Katherine Gan ’22: Asian/American Women’s Poetry to Excavate Afterlives of Empire
This summer, I wrote, analyzed, and taught Asian/American women's poetry.
About the Project
Due to circumstances that arose early in the summer, my project focused on writing, analyzing, and teaching Asian/American women’s poetry. Through the support of the Benenson Arts Award, I was able to dedicate my summer solely to my artistic endeavors and spend critical time developing, drafting, and writing my thesis, which uses Asian/American women’s poetry to excavate the afterlives of empire. I also was able to spend time writing my own poetry and grapple and contend with my own identity and experiences as a Chinese American woman.
With Benenson, I was also supported in my work with Duke Ph.D. Literature candidate Amanda Bennett through Define and Empower, an organization which prioritizes consulting, teaching, and research that centers Black women and people of color. I was a guest lecturer at Define and Empower’s Summer School in June 2021, which is based on Black feminist theory and practice. I led a poetry workshop, presenting work from my thesis chapter that I wrote and worked on this summer, which focused on Emily Yoon’s poetry collection A Cruelty Special to Our Species and linked Korean and Asian/American women’s contemporary sexualization to histories of Japanese colonization of Korean “comfort women” and Korean camptown sex workers during the Korean War to service U.S. soldiers.
Moreover, with Amanda Bennett and recent alum Allayne Thomas (Duke ‘21), this summer, we created a podcast episode through Define and Empower to discuss Asian/American and Black women’s solidarities, particularly with a focus on women of color athletes like Simone Biles, Sha’carri Richardson, Naomi Osaka, and Suni Lee. I also was in conversation with graduate students at a variety of universities who focus on Asian/Americans’ cultural production to think about how my project could expand from beyond written texts like poetry and literature to artistic mediums like film, performance, theatre, and visual culture. The work from this summer has set a foundation for a house course I am co-teaching in the fall with Kalley Huang and Shourya Agarwal: Poetry and Art as Healing.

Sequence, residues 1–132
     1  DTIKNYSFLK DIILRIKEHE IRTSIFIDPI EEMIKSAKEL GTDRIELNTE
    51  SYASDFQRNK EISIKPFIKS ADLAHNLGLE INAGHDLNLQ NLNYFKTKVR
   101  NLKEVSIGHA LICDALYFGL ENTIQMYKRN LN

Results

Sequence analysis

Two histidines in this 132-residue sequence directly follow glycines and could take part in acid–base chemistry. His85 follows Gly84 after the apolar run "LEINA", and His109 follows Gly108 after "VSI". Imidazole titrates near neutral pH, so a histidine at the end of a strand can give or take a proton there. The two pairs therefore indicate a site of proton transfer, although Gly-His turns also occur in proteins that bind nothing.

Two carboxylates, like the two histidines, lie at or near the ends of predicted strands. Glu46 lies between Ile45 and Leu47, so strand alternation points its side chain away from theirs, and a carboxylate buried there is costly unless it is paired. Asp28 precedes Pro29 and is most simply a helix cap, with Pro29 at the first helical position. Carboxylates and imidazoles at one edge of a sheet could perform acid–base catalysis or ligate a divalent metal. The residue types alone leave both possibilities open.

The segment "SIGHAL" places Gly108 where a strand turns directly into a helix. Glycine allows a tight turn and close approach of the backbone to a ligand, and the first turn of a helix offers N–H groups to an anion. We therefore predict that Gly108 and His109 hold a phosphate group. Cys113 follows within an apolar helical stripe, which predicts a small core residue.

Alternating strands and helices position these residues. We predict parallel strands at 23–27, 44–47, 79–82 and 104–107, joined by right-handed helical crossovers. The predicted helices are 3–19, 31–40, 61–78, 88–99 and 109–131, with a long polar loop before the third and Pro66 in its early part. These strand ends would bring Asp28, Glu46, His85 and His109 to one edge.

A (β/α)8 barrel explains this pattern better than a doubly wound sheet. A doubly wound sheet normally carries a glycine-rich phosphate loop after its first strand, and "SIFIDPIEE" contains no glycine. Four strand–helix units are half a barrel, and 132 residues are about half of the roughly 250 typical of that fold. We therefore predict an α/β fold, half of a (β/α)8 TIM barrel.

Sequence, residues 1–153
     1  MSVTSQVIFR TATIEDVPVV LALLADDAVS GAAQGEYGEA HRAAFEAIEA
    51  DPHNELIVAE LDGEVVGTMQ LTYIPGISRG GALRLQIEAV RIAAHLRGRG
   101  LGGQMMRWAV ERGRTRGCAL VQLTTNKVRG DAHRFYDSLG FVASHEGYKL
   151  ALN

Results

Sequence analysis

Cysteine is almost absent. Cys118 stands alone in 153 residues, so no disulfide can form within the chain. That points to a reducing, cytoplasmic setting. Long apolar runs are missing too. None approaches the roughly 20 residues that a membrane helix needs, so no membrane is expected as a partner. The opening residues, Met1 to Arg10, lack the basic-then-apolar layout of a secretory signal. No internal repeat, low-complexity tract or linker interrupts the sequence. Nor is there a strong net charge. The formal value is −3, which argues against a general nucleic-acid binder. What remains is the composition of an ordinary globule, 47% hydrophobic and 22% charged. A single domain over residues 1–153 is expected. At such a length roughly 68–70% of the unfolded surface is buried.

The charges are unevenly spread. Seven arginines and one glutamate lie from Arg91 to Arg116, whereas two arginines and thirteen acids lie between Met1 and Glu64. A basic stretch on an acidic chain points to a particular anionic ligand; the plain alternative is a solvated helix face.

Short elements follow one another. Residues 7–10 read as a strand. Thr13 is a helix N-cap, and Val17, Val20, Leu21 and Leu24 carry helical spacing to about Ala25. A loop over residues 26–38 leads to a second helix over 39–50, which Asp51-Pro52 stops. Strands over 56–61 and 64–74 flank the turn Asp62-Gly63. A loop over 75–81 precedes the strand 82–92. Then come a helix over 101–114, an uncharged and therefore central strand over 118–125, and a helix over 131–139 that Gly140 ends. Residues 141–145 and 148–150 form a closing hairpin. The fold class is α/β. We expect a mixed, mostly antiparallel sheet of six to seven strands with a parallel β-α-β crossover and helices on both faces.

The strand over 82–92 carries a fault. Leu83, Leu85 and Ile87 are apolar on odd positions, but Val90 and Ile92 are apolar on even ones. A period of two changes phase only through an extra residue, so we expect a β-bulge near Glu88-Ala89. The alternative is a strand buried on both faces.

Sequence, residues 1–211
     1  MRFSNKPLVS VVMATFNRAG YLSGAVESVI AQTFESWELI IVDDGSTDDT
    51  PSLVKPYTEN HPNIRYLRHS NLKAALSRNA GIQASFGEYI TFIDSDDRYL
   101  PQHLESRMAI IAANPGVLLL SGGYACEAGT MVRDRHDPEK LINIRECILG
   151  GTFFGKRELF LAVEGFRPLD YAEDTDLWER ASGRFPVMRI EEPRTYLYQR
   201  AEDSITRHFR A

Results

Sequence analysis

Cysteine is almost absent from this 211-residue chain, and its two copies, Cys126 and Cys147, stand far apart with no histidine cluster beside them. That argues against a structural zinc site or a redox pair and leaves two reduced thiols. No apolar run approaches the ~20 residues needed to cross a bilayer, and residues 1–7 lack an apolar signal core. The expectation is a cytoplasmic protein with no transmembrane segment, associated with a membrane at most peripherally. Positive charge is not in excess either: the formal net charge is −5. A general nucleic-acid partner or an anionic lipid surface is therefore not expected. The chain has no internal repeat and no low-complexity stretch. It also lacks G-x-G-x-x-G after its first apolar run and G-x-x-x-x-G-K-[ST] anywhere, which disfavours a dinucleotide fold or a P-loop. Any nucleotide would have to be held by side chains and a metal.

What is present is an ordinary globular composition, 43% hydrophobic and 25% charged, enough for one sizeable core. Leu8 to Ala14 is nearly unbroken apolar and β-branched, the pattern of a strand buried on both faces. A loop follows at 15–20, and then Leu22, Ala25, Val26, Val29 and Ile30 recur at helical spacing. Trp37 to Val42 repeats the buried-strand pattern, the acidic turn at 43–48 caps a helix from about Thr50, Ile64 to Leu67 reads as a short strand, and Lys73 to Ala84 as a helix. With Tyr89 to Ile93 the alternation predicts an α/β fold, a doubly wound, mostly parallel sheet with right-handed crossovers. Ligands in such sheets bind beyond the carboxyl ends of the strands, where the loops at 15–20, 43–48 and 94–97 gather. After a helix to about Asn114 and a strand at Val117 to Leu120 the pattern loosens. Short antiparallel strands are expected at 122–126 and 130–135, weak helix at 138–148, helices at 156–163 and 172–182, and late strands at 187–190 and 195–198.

Reflecting on Arts Amidst COVID-19
Benenson’s support has been incredibly important in order to prioritize art and creativity in the midst of COVID-19. In my present work, I focus on Asian women’s creative production as a method to value Asian women’s lives, in efforts to destabilize Western power over the Pacific Arena. Personally, poetry has enabled me to heal from racial and gendered trauma and to foster community through collective writing. I have turned to poetry as a form of survival during a precarious, deadly pandemic and heightened racialized violence, especially towards dispossessed people of color. By writing my feelings, thoughts, and experiences on a page and experimenting with form in poetry, I am validating my own identity as an Asian/American woman. The process of writing poetry and analyzing Asian/American women’s poetry has been a personal and political reckoning. Literature, poetry, and art are sites of projection, tension, and struggle, capturing the wholeness of what it means for me to be an Asian woman and grapple with longer, traumatic histories while alive.